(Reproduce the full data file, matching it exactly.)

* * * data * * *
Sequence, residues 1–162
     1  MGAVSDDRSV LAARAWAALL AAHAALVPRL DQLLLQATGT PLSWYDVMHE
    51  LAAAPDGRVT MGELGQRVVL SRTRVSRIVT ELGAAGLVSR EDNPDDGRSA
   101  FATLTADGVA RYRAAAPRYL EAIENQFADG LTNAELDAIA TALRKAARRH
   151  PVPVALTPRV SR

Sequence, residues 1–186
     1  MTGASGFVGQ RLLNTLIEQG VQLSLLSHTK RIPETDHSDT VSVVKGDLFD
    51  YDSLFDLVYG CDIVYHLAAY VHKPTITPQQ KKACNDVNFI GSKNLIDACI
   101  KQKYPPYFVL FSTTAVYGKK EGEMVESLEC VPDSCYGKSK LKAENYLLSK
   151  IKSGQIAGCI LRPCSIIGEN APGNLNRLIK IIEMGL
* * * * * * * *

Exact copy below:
Sequence, residues 1–162
     1  MGAVSDDRSV LAARAWAALL AAHAALVPRL DQLLLQATGT PLSWYDVMHE
    51  LAAAPDGRVT MGELGQRVVL SRTRVSRIVT ELGAAGLVSR EDNPDDGRSA
   101  FATLTADGVA RYRAAAPRYL EAIENQFADG LTNAELDAIA TALRKAARRH
   151  PVPVALTPRV SR

Sequence, residues 1–186
     1  MTGASGFVGQ RLLNTLIEQG VQLSLLSHTK RIPETDHSDT VSVVKGDLFD
    51  YDSLFDLVYG CDIVYHLAAY VHKPTITPQQ KKACNDVNFI GSKNLIDACI
   101  KQKYPPYFVL FSTTAVYGKK EGEMVESLEC VPDSCYGKSK LKAENYLLSK
   151  IKSGQIAGCI LRPCSIIGEN APGNLNRLIK IIEMGL